Did you know that a truckload of clothing is burned or landfilled every second?

Over the last few years, the rise of fast fashion brands like H&M and Zara has been rapidly overtaken by ultra-fast fashion brands like Shein, with anywhere between 2,000 and 10,000 designs added to their website Every. Single. Day.

Despite more and more brands using words like eco-friendly, recyclable, and sustainable – most of it is just greenwashing.

That’s why I teamed up with the Kunstverein in Ludwigsburg, Germany – to change up the conversation.

To bring this project to life, an entire truckload of clothes was collected.

Karlshöher Gebrauchtwarenladen, a social enterprise in Ludwigsburg, Germany, that gives jobs to the underprivileged, receives this many clothes in just three days.

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BTS Photos by Manuel Gussman

We used refurbished wood and nylon fishnets to support our clothing.

Leonie, an apprentice carpenter from Rikker volunteered with us for almost ten days – building, designing and adapting to the project.

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BTS Photos by Manuel Gussman

Before slowly covering every tower with a different shade and color.

The next few days were spent looking through all the beautiful items of clothing we had collected – sorting and organizing first by colors, then by shade before hanging them into our structure without damaging them – so they could eventually be returned when we sunset the art installation.

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BTS Photos by Manuel Gussman

Putting together this installation was like a thrifting adventure, never knowing what we would discover next.

Even organic clothing has a huge footprint. A single organic cotton t-shirt uses 2500L of water. Re-using is the most sustainable thing we can do, and it can be fun too!

Sony A7r-IV with a 16-35mm f2.8 | ISO 200, 1/125th, f/4 with the Broncolor Satos

To help us sort through the massive volume of clothing – we needed the help of local students.

Dozens of teenagers from various schools came to help us sort, organize and place the clothing on the installation while also taking the chance to learn about the fashion industry’s impact on the environment.

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BTS Photos by Manuel Gussman

These students were no different than the 170 Million children employed in the textile industry, Fashion is not just an environmental crisis; it’s a humanitarian one too.

Interestingly, the gallery space with the lights off, bars at the windows, and an eerie smoky atmosphere gave us the perfect atmosphere, imitating a sweatshop.

Sony A7r-IV with a 16-35mm f2.8 | ISO 200, 1/125th, f/4 with the Broncolor Satos

Used doesn’t mean boring. All our tools and props were borrowed, including this  $20,000 lighting kit from Broncolor!

I have found, over the years, that renting or borrowing is often easier than owning. It’s cheaper, more eco-friendly, and it invites other community partners to participate and work together with us to bring projects to life!

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BTS Photos by Manuel Gussman

Too many companies are trying to fix the greenwashing machine by making less harmful products – but we already have enough clothing on shelves today to last us for the next 100 years!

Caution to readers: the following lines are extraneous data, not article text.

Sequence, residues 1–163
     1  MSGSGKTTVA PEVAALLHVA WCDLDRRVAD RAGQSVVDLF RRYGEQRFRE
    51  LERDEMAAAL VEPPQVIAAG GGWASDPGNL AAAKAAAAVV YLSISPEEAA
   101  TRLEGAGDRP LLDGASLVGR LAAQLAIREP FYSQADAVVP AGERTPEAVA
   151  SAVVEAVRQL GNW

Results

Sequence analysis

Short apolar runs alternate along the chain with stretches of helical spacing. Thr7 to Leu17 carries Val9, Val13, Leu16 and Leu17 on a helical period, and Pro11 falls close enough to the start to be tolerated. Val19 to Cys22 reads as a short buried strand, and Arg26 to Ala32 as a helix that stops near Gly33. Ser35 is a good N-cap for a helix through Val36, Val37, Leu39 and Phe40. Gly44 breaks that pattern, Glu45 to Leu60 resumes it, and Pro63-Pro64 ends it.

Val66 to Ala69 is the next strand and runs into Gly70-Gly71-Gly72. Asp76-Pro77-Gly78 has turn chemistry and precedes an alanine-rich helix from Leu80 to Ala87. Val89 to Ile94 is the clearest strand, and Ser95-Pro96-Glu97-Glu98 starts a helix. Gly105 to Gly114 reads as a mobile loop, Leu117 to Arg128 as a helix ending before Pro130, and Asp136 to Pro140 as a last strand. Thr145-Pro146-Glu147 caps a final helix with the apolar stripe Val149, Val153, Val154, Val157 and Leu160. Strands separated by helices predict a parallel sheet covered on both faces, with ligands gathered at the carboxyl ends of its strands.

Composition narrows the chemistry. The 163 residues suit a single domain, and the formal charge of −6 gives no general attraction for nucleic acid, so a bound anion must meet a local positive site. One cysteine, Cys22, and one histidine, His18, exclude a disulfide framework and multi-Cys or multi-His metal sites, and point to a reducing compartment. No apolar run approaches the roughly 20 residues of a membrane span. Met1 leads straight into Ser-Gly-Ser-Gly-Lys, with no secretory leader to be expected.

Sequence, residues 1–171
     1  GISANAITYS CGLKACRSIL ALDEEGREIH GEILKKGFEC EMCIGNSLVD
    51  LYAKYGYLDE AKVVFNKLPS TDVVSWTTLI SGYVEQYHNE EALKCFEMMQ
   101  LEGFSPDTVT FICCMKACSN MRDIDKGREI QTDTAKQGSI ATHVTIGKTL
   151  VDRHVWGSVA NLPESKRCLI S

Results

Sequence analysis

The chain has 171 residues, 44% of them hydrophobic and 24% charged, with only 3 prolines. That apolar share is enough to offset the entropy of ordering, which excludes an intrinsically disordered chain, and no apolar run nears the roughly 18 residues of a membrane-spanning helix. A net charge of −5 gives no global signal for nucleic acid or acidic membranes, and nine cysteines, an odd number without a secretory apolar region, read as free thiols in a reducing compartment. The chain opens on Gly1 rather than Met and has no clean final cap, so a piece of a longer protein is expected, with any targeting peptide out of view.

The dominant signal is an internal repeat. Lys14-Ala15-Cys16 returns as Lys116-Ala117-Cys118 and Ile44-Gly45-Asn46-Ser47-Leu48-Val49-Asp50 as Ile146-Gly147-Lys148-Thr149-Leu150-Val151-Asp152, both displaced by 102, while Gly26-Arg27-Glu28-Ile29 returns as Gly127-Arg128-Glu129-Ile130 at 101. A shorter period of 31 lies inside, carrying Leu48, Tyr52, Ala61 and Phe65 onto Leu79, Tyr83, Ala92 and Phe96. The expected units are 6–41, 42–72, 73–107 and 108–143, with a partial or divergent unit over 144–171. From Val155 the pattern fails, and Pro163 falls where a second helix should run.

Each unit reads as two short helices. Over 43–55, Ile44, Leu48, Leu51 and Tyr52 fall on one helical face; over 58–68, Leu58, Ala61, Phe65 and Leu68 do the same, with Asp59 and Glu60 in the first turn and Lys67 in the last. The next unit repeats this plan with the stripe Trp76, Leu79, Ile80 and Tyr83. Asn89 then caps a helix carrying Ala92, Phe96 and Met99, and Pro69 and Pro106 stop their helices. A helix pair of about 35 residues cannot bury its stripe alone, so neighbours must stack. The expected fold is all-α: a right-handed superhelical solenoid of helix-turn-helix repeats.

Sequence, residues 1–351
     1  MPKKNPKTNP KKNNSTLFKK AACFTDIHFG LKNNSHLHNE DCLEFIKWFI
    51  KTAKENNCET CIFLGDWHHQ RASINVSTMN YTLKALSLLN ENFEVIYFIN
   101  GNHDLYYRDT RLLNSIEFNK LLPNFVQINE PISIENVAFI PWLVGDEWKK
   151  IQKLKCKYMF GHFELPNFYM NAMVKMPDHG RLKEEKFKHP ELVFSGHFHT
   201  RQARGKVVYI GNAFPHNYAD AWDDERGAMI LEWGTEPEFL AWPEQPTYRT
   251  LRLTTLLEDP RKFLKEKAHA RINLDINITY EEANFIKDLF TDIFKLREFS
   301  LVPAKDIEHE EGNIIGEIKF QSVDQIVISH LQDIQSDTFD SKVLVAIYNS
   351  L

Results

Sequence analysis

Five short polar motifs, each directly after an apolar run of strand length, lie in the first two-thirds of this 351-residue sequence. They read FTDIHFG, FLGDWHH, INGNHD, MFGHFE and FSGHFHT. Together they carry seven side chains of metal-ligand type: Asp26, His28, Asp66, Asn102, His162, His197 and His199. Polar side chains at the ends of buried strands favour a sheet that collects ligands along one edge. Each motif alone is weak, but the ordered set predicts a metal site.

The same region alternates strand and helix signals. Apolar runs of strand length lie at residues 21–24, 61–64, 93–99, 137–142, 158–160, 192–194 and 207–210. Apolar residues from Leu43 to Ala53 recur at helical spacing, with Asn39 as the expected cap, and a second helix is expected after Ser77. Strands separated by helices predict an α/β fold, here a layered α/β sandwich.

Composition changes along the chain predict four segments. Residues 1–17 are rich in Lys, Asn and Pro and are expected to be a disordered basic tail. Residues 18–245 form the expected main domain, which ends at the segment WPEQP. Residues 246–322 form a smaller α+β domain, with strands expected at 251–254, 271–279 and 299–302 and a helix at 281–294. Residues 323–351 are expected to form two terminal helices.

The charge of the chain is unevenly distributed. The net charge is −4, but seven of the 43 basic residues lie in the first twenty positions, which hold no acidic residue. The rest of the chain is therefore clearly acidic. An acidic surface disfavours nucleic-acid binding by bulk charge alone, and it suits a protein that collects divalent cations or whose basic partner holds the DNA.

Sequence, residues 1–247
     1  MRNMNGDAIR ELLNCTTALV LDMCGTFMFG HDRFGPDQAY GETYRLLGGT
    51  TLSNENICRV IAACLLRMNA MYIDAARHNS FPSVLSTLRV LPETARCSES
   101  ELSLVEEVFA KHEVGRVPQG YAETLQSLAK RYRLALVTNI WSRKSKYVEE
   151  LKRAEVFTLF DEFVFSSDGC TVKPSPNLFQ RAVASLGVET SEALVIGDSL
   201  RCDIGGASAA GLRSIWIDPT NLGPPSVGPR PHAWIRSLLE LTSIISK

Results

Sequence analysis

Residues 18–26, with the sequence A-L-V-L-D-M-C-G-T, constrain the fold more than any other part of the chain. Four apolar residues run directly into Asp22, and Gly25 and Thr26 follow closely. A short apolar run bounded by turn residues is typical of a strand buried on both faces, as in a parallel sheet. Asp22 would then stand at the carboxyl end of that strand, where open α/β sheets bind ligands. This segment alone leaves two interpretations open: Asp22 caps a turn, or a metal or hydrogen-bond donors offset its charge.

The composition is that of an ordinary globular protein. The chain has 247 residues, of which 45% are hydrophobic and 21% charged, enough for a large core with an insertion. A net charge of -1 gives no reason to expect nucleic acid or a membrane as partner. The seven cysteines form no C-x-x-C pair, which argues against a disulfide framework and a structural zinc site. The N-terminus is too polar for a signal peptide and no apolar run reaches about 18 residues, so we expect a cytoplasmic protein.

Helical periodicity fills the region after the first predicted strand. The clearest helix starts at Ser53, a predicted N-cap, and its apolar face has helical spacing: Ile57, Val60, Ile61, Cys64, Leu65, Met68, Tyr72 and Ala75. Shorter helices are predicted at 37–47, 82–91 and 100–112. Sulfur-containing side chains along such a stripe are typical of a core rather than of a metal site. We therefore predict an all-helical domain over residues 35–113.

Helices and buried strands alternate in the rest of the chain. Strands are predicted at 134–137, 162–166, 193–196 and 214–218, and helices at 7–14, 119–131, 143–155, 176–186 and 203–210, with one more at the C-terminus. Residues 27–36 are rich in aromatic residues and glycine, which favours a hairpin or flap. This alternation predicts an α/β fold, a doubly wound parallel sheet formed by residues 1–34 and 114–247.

Sustainability is not just about buying less. It’s also about navigating enoughness within ourselves and society at large.

Sony A7r-IV with a 16-35mm f2.8 | ISO 200, 1/10th, f/5 with the Broncolor Satos

To drive the message home, we hid little easter eggs all around the installation, including statistics and a big red button.

If the button below is pressed, the entire washing machine – mounted on a fitness wobble board starts vibrating angrily in response!

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BTS Photos by Manuel Gussman

Buying used, swapping, or trading can be frustrating, or it can be fun. We just need to find the right community and tools.

With online platforms like Poshmark and Thredup popping up to make thrifting easier than ever and local clothing swaps being hosted left and right, give it a shot! You might be surprised!

Sony A7r-IV with a 16-35mm f2.8 | ISO 250, 1/125th, f/5 with the Broncolor Satos

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  • Construction: Leonie Gunsch – Rikker, Holzbau GmbH
  • Cinematography: Manuel Gussmann
  • Production: Birgit Holzwarth, Harald Jahnke, Luisa Knuth; Kunstverein Ludwigsburg
  • Clothing: Karlshöhe, Gebrauchtwarenladen
  • Printing: ASSOZIATION Bergmann GmbH
  • Lettering: Tina Fernandez
  • Graphic Design: Jessica Widmeier
  • Photo Assistants: Andreas Schlierf, Manuel Olze, Marc Hörrmann
  • Lighting: Broncolor
  • School Classes:
    • Mrs.Udroiu & Mrs.Akrimi / Aktivierungshilfe der Caritas
    • Mrs.Geckeler / Grade 6&7 / Schillergymnasium Ludwigsburg
    • Mrs.Klemp & Mrs.Luib / Grade 7 /Hanfbachschule Möglingen
    • Mrs.Nonnenmacher / Grade 4 / Osterholzschule Ludwigsburg
  • Volunteers:
    • Annrike Udroiu, Nathalie, Antonia, Marlene & Theo Haak, Claudia Goepferich, Mirjam Kern, Jochen Siegele, Lotte Jahnke, Sissi Ban, Uli Jahnke, Simon Jahnke, Annegret Gussmann, Lena Dernai, Felix Stillhammer, Ananiya Khumalo, Urs Recher, Bernhard, Toni, Liam, Hanna, Charlotte
  • Models:
    • Boat: Birgit Holzwarth, Luisa Knuth, Sashiko
    • Sewing & Fishing: Josephine Priebe, Angelos Tsakiris, Kolja Holzwarth
    • Mechanics Andreas Schlierf, Manuel Olze, Marc Hörrmann
  • Funded by: Stadt Ludwigsburg Regierungspräsidium Stuttgart Wüstenrot Stiftung